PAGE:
Outside of resorts like the Four Seasons, there’s nothing fancy here.
It’s a rugged and rural area with plenty of breathing room and adventures to be had.
Don’t expect it to be crowded and enjoy this slice of a getaway within a getaway.
How Does Lanai City Compare?
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- Visas - You won't need a Visa if you are a U.S. Citizen because this is a state. For those that are rolling their eyes at that advice, you'd be surprised how many people in Hawaii are overly annoyed by Americans who don't get that one right. Non-Americans will need to show their Visa when they arrive in Hawaii and must also have a passport.
- Currency - The U.S. Dollar is the only currency accepted here. You'll want to bring cash to the island because some of the restaurants in Lanai City are cash only. Be sure to safely store it tucked away and not just on the exterior pocket of a backpack. You should plan about $20 per meal per person, but that's at the top of the range with an entree, drink, and dessert.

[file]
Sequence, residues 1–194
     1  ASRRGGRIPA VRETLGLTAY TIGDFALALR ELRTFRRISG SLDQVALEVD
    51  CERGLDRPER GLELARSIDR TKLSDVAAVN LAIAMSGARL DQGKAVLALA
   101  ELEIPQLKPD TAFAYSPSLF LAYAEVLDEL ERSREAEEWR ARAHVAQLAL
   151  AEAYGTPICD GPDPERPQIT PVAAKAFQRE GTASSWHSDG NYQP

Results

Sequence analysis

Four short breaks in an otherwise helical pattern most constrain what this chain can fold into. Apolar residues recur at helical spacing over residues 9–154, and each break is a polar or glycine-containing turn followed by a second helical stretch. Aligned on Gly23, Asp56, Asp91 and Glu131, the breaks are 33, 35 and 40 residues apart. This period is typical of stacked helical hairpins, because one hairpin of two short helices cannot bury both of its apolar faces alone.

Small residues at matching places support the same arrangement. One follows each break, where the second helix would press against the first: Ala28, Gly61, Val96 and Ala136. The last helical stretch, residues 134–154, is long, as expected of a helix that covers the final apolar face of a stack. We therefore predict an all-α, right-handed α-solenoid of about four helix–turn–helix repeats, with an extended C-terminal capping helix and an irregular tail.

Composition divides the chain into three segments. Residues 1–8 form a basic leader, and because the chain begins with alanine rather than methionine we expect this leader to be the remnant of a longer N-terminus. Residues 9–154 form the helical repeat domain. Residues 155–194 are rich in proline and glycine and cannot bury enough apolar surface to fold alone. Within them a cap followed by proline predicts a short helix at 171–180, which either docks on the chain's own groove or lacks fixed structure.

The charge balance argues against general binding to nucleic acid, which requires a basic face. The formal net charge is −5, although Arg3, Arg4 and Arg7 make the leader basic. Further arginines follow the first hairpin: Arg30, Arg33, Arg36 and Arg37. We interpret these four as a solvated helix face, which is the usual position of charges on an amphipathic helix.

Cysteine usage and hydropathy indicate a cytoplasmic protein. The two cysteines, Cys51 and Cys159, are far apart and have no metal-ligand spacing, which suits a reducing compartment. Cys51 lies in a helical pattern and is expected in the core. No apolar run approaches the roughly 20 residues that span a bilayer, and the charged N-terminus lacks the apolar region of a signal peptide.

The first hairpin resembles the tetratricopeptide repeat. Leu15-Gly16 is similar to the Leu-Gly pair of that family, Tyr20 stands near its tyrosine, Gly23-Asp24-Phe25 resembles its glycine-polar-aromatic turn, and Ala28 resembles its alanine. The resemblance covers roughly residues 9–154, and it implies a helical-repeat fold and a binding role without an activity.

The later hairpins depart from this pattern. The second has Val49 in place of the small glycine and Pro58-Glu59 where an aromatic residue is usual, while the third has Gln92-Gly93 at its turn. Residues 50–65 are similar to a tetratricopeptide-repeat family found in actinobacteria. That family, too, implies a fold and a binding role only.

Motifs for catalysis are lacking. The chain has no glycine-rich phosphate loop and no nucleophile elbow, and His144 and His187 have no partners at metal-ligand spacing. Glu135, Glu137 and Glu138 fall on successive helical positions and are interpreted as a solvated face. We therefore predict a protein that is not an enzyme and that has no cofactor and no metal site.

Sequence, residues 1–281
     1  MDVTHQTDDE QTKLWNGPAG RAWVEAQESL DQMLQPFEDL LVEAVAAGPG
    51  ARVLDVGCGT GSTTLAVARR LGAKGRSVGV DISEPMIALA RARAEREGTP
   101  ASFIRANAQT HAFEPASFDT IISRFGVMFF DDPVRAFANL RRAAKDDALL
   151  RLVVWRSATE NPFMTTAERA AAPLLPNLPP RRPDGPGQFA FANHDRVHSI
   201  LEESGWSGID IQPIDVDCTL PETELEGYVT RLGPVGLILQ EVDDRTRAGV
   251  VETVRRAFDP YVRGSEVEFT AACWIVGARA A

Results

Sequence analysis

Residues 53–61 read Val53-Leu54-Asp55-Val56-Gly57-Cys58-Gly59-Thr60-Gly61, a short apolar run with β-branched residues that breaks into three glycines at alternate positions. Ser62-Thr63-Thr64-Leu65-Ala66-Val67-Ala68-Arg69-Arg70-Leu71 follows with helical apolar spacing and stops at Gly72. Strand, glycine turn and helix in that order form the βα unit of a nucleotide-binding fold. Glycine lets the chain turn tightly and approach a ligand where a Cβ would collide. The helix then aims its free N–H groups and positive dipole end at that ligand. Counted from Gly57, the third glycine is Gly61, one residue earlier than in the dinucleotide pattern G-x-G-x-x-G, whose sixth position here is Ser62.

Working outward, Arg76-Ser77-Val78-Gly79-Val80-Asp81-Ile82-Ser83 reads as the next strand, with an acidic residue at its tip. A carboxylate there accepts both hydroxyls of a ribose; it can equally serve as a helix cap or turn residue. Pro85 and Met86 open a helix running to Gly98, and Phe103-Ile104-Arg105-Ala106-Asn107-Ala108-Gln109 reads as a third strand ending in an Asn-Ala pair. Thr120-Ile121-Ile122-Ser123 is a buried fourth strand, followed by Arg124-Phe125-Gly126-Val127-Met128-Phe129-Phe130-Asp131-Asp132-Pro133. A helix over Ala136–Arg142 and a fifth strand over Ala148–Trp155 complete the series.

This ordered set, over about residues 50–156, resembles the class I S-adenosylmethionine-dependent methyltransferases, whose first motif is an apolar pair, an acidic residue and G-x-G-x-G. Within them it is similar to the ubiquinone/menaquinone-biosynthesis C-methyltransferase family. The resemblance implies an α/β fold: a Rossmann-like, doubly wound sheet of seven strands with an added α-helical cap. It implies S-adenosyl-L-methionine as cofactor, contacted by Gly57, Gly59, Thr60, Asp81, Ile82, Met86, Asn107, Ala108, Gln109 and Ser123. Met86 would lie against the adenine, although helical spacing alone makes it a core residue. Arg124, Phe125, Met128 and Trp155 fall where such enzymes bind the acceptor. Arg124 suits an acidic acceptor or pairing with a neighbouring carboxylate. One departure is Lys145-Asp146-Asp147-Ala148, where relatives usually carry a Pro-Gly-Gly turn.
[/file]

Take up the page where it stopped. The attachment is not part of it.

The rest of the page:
- Weather - You'll want to bring hiking boots and several changes of socks in case you get wet. Rain gear is advised and you want clothing that can get very dirty. A light jacket or hoodie might be nice for when you are in the center of the island where it's a bit cooler.
- Airports - There's a small airport in Lanai but it's only for inter-island travel. You'll have to go to Maui or Oahu for the major airports that take you to the mainland. Flights and ferries are openly available between islands.
- Travel Insurance - With great adventures come inherent hazards, so it's perfect to plan for travel insurance here. Make sure you know how you're covered if you rent a Jeep from a company or another person.
Lanai City Weather Averages (Temperatures)